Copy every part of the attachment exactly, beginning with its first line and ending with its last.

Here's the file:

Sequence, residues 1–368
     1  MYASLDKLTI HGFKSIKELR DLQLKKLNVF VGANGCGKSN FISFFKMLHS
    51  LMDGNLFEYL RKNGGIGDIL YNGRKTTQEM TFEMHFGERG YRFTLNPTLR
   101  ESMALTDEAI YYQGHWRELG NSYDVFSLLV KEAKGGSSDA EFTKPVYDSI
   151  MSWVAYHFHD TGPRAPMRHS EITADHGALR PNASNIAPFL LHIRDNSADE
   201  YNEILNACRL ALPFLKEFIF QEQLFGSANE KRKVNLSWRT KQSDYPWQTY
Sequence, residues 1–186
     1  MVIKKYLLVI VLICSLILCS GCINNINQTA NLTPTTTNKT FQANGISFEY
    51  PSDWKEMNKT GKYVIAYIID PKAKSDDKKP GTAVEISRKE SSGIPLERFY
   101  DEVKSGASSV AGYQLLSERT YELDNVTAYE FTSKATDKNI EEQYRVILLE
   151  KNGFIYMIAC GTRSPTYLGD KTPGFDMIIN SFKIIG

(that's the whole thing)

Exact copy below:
Sequence, residues 1–368
     1  MYASLDKLTI HGFKSIKELR DLQLKKLNVF VGANGCGKSN FISFFKMLHS
    51  LMDGNLFEYL RKNGGIGDIL YNGRKTTQEM TFEMHFGERG YRFTLNPTLR
   101  ESMALTDEAI YYQGHWRELG NSYDVFSLLV KEAKGGSSDA EFTKPVYDSI
   151  MSWVAYHFHD TGPRAPMRHS EITADHGALR PNASNIAPFL LHIRDNSADE
   201  YNEILNACRL ALPFLKEFIF QEQLFGSANE KRKVNLSWRT KQSDYPWQTY
Sequence, residues 1–186
     1  MVIKKYLLVI VLICSLILCS GCINNINQTA NLTPTTTNKT FQANGISFEY
    51  PSDWKEMNKT GKYVIAYIID PKAKSDDKKP GTAVEISRKE SSGIPLERFY
   101  DEVKSGASSV AGYQLLSERT YELDNVTAYE FTSKATDKNI EEQYRVILLE
   151  KNGFIYMIAC GTRSPTYLGD KTPGFDMIIN SFKIIG